Online MEng: Computer Engineering Academic Overview

Dartmouth's online Master of Engineering in Computer Engineering (MEng: CE) courses are designed to reflect both current and emerging engineering challenges in industry. You'll learn fundamental concepts in computer engineering and intelligent systems, as well as gain hands-on project experience that mirrors the real-world.

Learning Experience

The online MEng: CE leverages Coursera's online education platform to deliver the curriculum, allowing you to benefit from interactive video transcription, in-course note taking, and seamless learning across multiple devices—at a schedule and pace that best fits in your life. Online courses include readings, video lectures, assignments, and discussion forums that help spark connections with your peers.

Study on Your Own Schedule

Dive deep into each course with pre-recorded, high quality video lectures, and get your work done on a schedule most convenient for you.

Personal Support from Professors

Ask questions and get one-on-one support and guidance during virtual office hours from your faculty and teaching assistants.

Peers from Around the World

Learn alongside online peers who bring their global perspectives and unique experiences to each course, and connect in online forums and channels.

Learning Objectives

You'll learn to engineer the sensing and computing components of intelligent systems through a series of nine carefully curated courses, including a capstone. Designed and taught by cross-disciplinary faculty and industry leaders, the curriculum will immerse you in the knowledge and skills necessary to drive the next generation of computer engineering and technology.

Through the program, you'll learn to:

  • Extract information from data, using a combination of broadly-applicable tools and task-specific techniques such as signal processing, machine learning, and computer vision.
  • Implement information-extracting algorithms that fit within the constraints—and utilize the capabilities—of specialized computer hardware for intelligent systems.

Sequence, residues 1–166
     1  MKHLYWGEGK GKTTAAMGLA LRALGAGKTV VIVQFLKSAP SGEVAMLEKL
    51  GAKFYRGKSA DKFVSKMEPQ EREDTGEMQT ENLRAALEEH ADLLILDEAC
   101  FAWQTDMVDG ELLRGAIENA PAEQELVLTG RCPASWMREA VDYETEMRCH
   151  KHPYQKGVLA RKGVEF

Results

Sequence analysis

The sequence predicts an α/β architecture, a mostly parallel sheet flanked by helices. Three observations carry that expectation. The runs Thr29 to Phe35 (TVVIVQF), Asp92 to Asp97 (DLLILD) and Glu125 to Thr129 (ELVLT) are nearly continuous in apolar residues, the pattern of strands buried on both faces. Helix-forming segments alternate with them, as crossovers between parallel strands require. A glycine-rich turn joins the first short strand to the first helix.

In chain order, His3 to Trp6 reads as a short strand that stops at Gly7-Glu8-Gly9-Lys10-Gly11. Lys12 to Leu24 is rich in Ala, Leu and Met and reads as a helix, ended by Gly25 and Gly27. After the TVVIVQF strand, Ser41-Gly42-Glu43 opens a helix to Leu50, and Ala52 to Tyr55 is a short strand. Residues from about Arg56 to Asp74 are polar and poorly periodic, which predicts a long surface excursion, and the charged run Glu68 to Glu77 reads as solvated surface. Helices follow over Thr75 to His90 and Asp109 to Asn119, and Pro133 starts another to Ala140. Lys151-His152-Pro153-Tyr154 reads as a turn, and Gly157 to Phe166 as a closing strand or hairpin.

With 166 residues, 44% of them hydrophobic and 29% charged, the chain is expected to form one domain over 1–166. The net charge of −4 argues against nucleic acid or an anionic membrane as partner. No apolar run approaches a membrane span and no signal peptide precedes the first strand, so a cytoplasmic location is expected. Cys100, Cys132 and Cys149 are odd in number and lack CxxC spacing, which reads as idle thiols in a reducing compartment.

• Design, analyze, build, test, and debug sensing and computing components of intelligent systems.
  • Collaborate on projects with geographically-diverse team members.

Required Courses

The online MEng: CE requires a total of nine courses, including a capstone. Students may take one or two courses at a time (two courses is considered a full-time course load). While the order in which most courses are taken is flexible, some courses serve as prerequisites to more advanced courses that require them to be taken early on. (For example, Signal Processing, Machine Learning, and Embedded Systems must be taken early in the program. The capstone course, Smart Sensors, must be taken last.)

Extracting Information from Data

  • Machine Learning (must be taken early)

    In this detailed overview, you'll gain a deeper understanding of machine learning, laying the foundations for other courses in the program. With a heavy emphasis on practical application, this course will provide you with essential data cleaning preparation techniques, along with logistic regression, foundational statistics, decision trees, and preliminary exploration of neural networks. This course will be primarily taught using Python, with some additional use of MATLAB.

  • Signal Processing (must be taken early)

    In this course, you'll take the mathematical theories that underpin the discipline of signal processing, and use them in applied settings, allowing you to analyze, optimize, and adjust a wide range of data types.

    You'll learn about the use of:

    • Signal filtering

    • De-noising

    • Signal to noise ratio

    • Signal enhancement

    • Data compression

    • Feature extraction

    • Feature engineering

    • Discrete and fast Fourier Transform

    • Random signals

    • Probability distributions

  • Applied Natural Language Processing